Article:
How does an unhealthy workforce equate to more cost for employers?

Health insurance rates increases associated with claims filed by health care providers such as doctors and pharmacies.    When employees use their health insurance for conditions such as high blood pressure, diabetes, and other conditions associated with smoking and obesity, the rates an employer pays to maintain the Company health insurance plan go up.

Does the program have to ask me health questions or gather biometric information for me to participate?

As a practical matter, yes.  This information is a starting point to track your progress and your participation in the program.  But, if you are very guarded about your information, you can have your personal physician monitor your progress and still participate in the program.

Isn’t that information private, under HIPAA laws?  What if I do not want my employer to know my weight, blood pressure, etc….?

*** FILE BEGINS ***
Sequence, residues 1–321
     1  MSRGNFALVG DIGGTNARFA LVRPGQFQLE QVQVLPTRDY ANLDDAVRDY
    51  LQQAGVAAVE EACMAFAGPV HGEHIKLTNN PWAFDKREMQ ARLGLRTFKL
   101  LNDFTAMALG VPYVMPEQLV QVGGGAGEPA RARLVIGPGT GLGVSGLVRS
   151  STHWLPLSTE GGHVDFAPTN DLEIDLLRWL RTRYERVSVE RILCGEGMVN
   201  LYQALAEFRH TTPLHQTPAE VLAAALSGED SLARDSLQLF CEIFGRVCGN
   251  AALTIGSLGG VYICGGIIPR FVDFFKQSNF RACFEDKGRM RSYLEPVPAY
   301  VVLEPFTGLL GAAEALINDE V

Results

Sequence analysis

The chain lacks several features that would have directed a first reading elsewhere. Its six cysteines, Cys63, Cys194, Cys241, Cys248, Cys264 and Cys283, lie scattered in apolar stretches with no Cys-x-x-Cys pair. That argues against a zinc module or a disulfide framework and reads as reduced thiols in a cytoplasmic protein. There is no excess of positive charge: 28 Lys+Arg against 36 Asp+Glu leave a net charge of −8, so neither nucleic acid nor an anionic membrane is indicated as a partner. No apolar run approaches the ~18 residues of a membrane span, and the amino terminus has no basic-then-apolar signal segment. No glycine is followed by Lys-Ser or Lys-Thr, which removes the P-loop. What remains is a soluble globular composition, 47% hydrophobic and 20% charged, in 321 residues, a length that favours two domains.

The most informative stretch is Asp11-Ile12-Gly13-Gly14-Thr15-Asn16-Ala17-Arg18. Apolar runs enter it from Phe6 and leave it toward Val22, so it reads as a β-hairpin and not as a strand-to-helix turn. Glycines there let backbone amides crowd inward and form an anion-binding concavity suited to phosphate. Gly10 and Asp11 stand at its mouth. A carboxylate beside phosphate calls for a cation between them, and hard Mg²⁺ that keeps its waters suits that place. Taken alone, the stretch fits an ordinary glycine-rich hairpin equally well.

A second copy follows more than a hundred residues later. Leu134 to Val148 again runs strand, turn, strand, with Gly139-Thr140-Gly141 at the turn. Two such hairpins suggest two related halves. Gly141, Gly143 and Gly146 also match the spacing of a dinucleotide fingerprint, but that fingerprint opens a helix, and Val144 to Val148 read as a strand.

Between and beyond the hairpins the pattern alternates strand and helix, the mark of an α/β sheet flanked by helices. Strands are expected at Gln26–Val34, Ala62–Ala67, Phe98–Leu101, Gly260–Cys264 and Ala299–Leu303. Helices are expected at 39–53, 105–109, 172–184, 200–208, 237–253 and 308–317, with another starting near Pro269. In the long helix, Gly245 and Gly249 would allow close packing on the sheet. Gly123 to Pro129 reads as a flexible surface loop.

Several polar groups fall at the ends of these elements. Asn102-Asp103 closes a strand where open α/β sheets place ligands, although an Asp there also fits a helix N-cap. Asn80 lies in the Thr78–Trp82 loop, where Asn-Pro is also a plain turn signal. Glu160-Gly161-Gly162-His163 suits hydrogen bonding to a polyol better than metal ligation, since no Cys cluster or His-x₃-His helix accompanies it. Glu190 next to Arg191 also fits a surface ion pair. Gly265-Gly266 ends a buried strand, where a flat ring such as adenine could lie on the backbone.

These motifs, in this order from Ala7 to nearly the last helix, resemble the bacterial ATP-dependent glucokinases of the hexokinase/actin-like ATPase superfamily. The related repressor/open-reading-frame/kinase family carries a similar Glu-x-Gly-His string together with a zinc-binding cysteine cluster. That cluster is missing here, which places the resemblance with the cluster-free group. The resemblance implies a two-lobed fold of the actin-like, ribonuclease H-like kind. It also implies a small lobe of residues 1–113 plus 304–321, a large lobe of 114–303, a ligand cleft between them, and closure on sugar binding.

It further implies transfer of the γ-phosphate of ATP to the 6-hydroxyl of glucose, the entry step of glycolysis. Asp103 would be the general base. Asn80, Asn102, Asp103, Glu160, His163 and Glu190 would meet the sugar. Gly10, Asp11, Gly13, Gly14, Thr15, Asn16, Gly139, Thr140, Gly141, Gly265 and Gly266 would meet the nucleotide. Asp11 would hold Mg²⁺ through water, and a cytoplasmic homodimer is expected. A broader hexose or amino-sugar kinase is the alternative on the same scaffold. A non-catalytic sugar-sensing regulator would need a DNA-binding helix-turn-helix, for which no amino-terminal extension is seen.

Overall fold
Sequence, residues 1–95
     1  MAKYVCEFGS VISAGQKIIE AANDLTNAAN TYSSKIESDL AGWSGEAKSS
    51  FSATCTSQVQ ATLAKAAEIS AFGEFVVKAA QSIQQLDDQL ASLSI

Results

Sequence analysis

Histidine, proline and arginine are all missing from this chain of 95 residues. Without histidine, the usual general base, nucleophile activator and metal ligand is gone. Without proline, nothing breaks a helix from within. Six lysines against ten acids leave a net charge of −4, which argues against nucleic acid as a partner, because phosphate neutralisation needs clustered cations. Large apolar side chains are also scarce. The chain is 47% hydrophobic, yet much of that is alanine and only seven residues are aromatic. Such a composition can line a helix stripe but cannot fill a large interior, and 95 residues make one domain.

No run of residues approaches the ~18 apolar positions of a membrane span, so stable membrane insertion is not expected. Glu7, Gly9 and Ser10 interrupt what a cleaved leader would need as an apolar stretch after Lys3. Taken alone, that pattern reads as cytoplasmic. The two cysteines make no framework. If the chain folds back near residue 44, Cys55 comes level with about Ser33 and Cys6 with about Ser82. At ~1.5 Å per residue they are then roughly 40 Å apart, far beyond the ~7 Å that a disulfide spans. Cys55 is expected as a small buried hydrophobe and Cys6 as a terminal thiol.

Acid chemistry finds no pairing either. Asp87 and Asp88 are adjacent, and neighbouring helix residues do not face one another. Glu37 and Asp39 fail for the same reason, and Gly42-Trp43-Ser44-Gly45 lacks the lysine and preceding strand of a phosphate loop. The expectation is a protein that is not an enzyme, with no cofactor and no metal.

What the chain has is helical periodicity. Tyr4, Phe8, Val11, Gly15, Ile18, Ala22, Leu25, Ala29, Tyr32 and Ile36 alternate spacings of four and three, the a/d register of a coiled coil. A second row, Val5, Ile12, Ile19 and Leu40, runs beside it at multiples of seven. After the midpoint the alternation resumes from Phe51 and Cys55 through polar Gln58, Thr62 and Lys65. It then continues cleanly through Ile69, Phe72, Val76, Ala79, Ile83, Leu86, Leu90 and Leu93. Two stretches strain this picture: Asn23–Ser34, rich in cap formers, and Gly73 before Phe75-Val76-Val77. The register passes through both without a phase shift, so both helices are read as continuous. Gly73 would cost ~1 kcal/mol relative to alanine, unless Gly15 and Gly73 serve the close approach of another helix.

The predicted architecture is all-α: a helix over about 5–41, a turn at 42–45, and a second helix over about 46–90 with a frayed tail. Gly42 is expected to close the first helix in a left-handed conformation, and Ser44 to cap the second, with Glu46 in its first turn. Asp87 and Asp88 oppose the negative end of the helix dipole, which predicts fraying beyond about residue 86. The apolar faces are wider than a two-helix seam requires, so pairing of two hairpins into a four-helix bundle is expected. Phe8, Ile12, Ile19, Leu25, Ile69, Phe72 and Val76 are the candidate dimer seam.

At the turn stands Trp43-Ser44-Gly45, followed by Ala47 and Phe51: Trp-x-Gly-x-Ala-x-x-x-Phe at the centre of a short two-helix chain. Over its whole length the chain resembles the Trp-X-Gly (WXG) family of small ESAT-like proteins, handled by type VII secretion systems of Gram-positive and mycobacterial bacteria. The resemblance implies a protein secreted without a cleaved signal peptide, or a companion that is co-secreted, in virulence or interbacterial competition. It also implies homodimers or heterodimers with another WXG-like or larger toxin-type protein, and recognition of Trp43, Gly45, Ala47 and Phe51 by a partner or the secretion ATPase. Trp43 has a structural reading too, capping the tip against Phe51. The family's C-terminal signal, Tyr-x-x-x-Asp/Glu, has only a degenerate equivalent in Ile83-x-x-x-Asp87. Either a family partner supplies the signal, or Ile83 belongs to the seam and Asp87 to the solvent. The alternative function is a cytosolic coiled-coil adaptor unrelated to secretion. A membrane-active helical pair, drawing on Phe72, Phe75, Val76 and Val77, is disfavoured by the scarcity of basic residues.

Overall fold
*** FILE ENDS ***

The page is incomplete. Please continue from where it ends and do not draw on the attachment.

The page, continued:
That information is private, but since your participation in a wellness program can only be voluntary, it is ok for your employer to gather that information. Often though, employers use the services of a third party administrator that helps monitor the wellness program, so they remove access to your private health information.

Can my employer refuse to pay for my health insurance premiums if I do not participate in a wellness program?


Can my employer make me pay more than my coworkers if I choose not to participate?

No, but your employer can offer a reward to coworkers that do participate.

At my work, those that participate in the program get “rewards” that sound a lot like they are paying less than I am for health insurance.  Is that legal?